Published on October 8th, 2012 | by Travis Fahs


Mass Effect: Infiltrator Review

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EA’s most ambitious mobile game yet

With their mobile port of Dead Space, EA’s IronMonkey Studio proved that it is, in fact, possible to bring a modern console game to your phone without having to settle for a watered down experience. This time, EA has given them an even greater challenge: developing an original spin-off of Bioware’s epic Mass Effect trilogy to stand alongside the third game. The task seems daunting, and this time some sacrifices need to be made, but the result is still worth a look.

The Mass Effect series expertly blends the action of a console third-person shooter with the sprawling story, deep characters, and exploration you’d expect from a Bioware game. To bring this to the phone, IronMonkey has stripped away the RPG side, to focus solely on the action. You won’t be exploring the Citadel, chatting with merchants, taking on side-quests, or charting a course for new worlds. You’ll still be able to earn money and buy weapons, upgrade abilities, and customize your character a bit, but that’s the extent of the game’s RPG heritage.

In combat, Infiltrator actually proves to be a reasonable facsimile, and like Dead Space, it takes a thoughtful approach to touch-screen controls rather than relying on clumsy on-screen buttons. Movement is handled by sliding your two thumbs on either side of the screen, but most of the buttons have been stripped away. You enter cover automatically by pushing up against a surface, and you can tap on any enemy within range to look down your gun’s scope and start shooting. Once you’re in scoped mode, you’ll have to fine-tune your aim a bit to get headshots, but it makes shooting nice and quick.

Click to view screens

There are a few new additions to the gameplay that compliment this increased focus on action. When you kill an enemy, you’ll get a brief moment of slow-motion. If you manage to kill another enemy in this time, you’ll earn more “style points.” Chaining biotic moves into weapon kills will net you points as well. The controls work flawlessly for the most part, but the system makes it impossible to move and shoot at the same time – fine for firing from cover, but it feels strange in boss fights where you’ll need to dodge projectiles. For purists, there is an alternate mode that controls like a typical third-person shooter. It’s actually a bit harder, but it may “feel” better for those who like console-style controls.

Perhaps most impressively, IronMonkey has recreated the sights and sounds of BioWare’s series flawlessly. Their proprietary engine is easily up there with Unreal or Unity on similar hardware and the sterile, futuristic environments capture the space opera feel of the original. At a glance, you could almost mistake it for its console cousin. Mass Effect’s atmosphere has always been key to the experience, and Infiltrator nails this perfectly.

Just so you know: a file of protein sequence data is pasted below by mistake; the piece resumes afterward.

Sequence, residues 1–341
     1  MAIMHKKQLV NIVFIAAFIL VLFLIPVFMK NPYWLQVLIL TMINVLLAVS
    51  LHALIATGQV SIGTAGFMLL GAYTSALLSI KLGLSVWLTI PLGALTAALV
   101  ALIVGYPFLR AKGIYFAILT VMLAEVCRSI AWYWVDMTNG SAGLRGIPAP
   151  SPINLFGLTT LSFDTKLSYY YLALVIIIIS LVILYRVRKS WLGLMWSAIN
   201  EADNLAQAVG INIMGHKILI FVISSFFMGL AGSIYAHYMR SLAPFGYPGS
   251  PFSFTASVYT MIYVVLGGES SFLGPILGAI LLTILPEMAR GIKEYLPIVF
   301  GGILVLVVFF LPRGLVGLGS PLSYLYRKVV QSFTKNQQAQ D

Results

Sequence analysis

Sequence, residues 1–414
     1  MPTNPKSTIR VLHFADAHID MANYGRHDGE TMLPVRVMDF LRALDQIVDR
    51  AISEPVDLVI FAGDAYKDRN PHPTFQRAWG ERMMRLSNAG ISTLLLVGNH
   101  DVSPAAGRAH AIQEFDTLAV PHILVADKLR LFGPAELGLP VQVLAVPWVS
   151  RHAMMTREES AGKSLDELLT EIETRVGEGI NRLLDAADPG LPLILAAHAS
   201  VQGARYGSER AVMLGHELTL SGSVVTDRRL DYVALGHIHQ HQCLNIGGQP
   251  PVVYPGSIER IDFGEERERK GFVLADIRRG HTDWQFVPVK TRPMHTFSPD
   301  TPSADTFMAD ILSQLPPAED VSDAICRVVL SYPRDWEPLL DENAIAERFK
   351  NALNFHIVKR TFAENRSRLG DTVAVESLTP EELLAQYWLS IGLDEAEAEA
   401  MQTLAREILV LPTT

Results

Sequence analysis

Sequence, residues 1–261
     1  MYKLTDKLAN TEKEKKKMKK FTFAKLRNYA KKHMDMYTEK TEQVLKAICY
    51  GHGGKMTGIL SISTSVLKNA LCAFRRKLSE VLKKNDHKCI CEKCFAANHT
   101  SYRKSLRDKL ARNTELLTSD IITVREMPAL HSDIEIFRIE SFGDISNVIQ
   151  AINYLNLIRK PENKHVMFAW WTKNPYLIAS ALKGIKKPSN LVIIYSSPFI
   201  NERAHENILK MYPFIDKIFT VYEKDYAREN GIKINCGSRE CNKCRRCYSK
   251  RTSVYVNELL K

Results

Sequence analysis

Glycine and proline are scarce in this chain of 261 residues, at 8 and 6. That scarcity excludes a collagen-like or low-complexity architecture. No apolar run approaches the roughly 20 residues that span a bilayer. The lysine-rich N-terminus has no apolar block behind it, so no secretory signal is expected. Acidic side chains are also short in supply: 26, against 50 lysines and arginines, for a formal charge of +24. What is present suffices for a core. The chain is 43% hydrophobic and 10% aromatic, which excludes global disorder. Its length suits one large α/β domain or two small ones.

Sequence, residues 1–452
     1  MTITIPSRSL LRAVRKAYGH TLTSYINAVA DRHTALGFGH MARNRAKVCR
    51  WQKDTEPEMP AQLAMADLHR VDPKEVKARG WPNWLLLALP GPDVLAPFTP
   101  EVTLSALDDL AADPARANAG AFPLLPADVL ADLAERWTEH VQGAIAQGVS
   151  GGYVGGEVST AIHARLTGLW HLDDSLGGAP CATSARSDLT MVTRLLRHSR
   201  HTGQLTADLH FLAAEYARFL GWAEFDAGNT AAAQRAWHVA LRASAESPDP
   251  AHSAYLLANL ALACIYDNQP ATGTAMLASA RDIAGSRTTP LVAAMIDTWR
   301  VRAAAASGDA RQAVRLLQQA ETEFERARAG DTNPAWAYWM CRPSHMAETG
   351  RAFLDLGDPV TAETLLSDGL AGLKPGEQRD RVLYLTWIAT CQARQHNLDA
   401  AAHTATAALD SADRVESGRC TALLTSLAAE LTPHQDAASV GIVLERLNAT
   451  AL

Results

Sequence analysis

Unfortunately, Infiltrator falls desperately short when it comes to storytelling. There are none of Bioware’s hallmark dialog trees or cut scenes, and moral choices are reduced to repetitive, uninteresting kill/spare scenarios. The story is largely told through radio chatter with unseen characters of dubious alignment, and treads perilously close to the developer’s work on Dead Space.

None of the narrative appeal of the console version is present here, leaving the action to stand on its own merit. Of course, it’s debatable whether or not Mass Effect was ever as good of a shooter as it was an RPG, and it certainly was no Vanquish or Gears of War. That said, Infiltrator does an impressive job at recreating Mass Effect’s action on the go, and judged against its peers on the platform, it’s one of the best 3D action games you’ll find, with better controls and more style than even Shadowgun.


Mass Effect: Infiltrator Review Travis Fahs


Summary: Infiltrator strips away the role-playing and dense narrative we know from the console games, but recreates the action admirably.


Without a doubt

User Rating: 4 (1 votes)

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About the Author

has been a game journalist since 2006, writing for IGN, Gamasutra, and Cheat Code Central. An avid gaming history buff, he enjoys writing about classic gaming most of all.

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